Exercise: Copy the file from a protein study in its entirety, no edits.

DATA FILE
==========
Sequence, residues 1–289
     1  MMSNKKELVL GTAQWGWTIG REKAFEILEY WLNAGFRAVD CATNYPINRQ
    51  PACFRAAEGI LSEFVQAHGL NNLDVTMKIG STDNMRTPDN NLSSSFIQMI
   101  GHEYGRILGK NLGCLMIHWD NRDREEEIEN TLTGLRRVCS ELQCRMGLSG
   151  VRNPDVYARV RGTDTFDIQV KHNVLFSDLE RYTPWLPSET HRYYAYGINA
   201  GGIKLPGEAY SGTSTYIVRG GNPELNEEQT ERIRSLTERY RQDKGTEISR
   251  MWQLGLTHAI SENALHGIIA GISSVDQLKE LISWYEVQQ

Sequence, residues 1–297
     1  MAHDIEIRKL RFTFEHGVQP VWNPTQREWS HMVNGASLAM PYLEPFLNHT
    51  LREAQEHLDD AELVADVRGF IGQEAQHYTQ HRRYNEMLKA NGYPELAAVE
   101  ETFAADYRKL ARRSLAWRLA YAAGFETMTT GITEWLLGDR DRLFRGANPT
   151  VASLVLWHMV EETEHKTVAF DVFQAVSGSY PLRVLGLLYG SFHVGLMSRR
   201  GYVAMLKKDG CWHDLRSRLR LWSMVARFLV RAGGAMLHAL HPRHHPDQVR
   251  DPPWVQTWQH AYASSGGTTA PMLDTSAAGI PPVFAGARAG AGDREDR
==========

Sequence, residues 1–289
     1  MMSNKKELVL GTAQWGWTIG REKAFEILEY WLNAGFRAVD CATNYPINRQ
    51  PACFRAAEGI LSEFVQAHGL NNLDVTMKIG STDNMRTPDN NLSSSFIQMI
   101  GHEYGRILGK NLGCLMIHWD NRDREEEIEN TLTGLRRVCS ELQCRMGLSG
   151  VRNPDVYARV RGTDTFDIQV KHNVLFSDLE RYTPWLPSET HRYYAYGINA
   201  GGIKLPGEAY SGTSTYIVRG GNPELNEEQT ERIRSLTERY RQDKGTEISR
   251  MWQLGLTHAI SENALHGIIA GISSVDQLKE LISWYEVQQ

Sequence, residues 1–297
     1  MAHDIEIRKL RFTFEHGVQP VWNPTQREWS HMVNGASLAM PYLEPFLNHT
    51  LREAQEHLDD AELVADVRGF IGQEAQHYTQ HRRYNEMLKA NGYPELAAVE
   101  ETFAADYRKL ARRSLAWRLA YAAGFETMTT GITEWLLGDR DRLFRGANPT
   151  VASLVLWHMV EETEHKTVAF DVFQAVSGSY PLRVLGLLYG SFHVGLMSRR
   201  GYVAMLKKDG CWHDLRSRLR LWSMVARFLV RAGGAMLHAL HPRHHPDQVR
   251  DPPWVQTWQH AYASSGGTTA PMLDTSAAGI PPVFAGARAG AGDREDR